Monday, 2 June 2008

Challenge Dauphine Libere

Preparation is key for a cycle sportive like this. So, the day before the event (in the Vercours, near Grenoble, France) I fly from Liverpool to Geneva, only I don't, there's debris on the runway at Geneva so we divert to Lyon, where a bus will then take us to Geneva. It's just that sister Wendy is due to arrive in Geneva later in the evening, I'm thinking that if her flight is also diverted to Lyon, the last place I want to be is Geneva. Call macpuppy (our man in Vercours) who is going to meet us in Geneva, he's been in bed all day with a virus, the last thing he wants to do is drive to Geneva. So I get on a bus to Grenoble, sick macpuppy meets me there and we drive to Geneva to meet Wendy's (late) flight, there's just enough time to fit some new tyres (my, they were a tight fit) and get something to eat, except everywhere's closed, get back to macpuppy's kennel at around 2am, when I start building my bike. Oh, I've only eaten a baguette in the last 12 hours too. Get to bed at 3.15am, get up at 6.45am to make the registration cut-off at 8am. Like I said, it's all in the preparation.

Mass start, 900 riders, lead-out car, motor cyclists, it's quite a spectacle. Macpuppy skids on some gravel but keeps upright and we settle into the first climb of the day. It's long and steady. Very long and steady. Back tyre feels a bit soft- PUNCTURE! Tant pis!
Those new tyres I fitted are tough to get off the rim, but eventually I get the tube changed, why won't it inflate though? Can't figure out what's going on, decide to take the new tube out to sort it out. This takes some time - did I mention that the tyre was a bit tight? - but I now see that the valve is kaput. So, patch the original tube put it back in, wrestle the tyre back on (this time it took 2 pairs of hands - a cycle tourist had stopped to watch the comedy) and I'm back on the bike. This whole episode took about 50 - 55 mins. That's right. I am now the 'lantern rouge' and am praying that they haven't packed up the first feed station by the time I get there. They haven't and I grab some sausicon, cake and brioche and get going. Still haven't passed any riders, it's going to be a lonely ride.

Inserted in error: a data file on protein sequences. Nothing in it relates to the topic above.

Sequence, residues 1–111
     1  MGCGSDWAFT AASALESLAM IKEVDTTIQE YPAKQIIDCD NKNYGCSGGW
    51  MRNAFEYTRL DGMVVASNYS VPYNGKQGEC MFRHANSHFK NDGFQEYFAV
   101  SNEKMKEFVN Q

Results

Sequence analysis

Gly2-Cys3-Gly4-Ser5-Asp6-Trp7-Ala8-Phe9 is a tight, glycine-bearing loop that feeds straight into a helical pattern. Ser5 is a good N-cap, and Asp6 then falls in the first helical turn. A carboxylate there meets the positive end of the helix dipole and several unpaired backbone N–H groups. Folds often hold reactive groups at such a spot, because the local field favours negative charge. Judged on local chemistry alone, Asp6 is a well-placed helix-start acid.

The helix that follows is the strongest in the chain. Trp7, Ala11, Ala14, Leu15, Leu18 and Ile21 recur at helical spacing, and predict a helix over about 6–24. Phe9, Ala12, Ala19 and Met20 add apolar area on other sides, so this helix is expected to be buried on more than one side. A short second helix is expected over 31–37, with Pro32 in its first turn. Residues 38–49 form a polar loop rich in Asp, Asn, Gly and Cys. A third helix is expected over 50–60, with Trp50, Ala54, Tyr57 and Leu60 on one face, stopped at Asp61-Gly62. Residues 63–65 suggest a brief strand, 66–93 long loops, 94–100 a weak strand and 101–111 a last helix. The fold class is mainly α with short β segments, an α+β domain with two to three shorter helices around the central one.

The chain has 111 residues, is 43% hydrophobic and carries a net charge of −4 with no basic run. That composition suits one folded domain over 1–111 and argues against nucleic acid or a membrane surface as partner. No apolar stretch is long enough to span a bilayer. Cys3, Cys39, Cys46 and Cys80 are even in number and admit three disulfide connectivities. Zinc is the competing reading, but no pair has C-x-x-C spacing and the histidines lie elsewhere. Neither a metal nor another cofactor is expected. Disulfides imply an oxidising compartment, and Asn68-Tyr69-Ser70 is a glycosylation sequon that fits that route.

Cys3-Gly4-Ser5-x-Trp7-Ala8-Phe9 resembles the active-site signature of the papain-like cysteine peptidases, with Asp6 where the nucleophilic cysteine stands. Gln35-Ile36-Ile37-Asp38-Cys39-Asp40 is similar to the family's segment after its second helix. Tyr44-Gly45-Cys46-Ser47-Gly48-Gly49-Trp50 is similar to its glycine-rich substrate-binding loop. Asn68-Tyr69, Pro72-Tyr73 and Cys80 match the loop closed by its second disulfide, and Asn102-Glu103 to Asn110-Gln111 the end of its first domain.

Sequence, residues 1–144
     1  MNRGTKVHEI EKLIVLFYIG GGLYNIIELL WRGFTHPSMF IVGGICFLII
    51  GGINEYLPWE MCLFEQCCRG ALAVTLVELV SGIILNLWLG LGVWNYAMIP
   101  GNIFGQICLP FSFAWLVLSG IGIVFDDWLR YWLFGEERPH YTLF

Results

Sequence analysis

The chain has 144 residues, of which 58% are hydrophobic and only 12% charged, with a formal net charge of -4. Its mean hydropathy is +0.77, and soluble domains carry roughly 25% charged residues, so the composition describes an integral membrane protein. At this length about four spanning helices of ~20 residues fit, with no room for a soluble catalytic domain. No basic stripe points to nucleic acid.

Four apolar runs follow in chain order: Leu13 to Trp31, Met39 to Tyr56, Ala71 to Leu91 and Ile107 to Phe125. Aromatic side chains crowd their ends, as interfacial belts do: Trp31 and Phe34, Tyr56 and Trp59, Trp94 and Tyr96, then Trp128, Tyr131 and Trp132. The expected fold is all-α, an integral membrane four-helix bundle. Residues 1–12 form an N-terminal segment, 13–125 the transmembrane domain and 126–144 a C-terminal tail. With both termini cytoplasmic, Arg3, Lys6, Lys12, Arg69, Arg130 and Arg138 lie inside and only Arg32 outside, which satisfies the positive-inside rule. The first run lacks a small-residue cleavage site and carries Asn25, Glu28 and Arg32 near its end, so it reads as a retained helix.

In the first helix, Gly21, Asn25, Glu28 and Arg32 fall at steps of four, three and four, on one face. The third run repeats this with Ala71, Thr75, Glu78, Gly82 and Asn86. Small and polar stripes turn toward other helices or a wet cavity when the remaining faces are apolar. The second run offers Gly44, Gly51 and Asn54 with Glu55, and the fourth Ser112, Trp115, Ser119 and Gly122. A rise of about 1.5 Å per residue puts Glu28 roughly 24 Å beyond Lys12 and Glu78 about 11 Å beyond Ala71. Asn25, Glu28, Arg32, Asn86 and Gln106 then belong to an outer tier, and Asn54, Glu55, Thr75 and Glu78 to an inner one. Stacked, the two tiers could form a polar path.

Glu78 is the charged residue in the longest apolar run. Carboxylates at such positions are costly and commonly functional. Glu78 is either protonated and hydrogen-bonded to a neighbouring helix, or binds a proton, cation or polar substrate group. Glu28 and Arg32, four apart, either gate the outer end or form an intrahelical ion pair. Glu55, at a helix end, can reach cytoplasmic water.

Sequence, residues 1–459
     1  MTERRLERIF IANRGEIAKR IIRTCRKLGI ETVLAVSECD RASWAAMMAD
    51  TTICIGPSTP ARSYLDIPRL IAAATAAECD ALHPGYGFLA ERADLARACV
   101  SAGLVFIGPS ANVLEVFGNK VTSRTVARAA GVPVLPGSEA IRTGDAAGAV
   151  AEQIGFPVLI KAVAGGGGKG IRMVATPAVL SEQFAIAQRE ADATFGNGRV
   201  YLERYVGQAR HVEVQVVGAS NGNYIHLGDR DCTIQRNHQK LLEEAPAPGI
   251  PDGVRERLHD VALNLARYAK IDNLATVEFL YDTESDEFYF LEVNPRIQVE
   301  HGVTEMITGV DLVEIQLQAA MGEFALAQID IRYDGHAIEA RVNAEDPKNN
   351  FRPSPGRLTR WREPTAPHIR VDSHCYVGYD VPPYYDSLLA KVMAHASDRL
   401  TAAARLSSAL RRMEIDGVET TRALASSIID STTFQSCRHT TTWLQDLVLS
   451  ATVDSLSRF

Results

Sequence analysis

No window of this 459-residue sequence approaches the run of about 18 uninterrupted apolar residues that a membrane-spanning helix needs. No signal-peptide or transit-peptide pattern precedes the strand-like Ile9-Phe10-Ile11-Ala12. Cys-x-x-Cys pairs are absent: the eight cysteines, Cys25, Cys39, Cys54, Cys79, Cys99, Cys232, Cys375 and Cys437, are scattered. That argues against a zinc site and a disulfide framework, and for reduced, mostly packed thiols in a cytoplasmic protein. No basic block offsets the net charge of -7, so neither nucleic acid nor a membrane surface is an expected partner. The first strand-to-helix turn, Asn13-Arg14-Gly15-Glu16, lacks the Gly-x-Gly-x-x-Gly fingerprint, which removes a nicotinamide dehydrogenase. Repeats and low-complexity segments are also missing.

Over the first Col and down the other side, I've passed about 3 riders but there's no one else in sight. At the 2nd revaitailment there's maybe 6 riders hanging around, I just grab food and get going, to see if I can catch up with Wendy and macpuppy (or, indeed, anyone). After Villard de Rouset the signs tell me it's 12km to the Col, and once it starts to ramp up I start to catch a few stragglers. At the turn off for the 173km route I'm way after the cut-off time and anyway I couldn't face the thought of another puncture with no-one to hear me scream, so it's now a 70km time trial back to Autrans. At the 100km mark I think I spy Wendy ahead, yay! Macpuppy's not too much further up the road so for the next 10 km we sort of ride together, regrouping at the top of each climb. There's a fantastic gorge, the rock overhanging the road and raining water down on us, then with 10 km to go Macpuppy starts to fly. I try to stick with him but I can't and the gap opens up - with 5km to go he must be a good 200m ahead of me but I get a second wind and stamp on the pedals to see if I can reel him back. No chance!
Finished in just under 6 hours, the GPS says less than 5 hours riding.

483rd out of 500. It's a different story in France. It's not that the hills are tougher, I mean they go on a bit, but there was nothing very steep, it's just that people seem to take it much more seriously and the general standard of riders is much higher than the UK. The standard of the feed stations is incredible too. Bravo!

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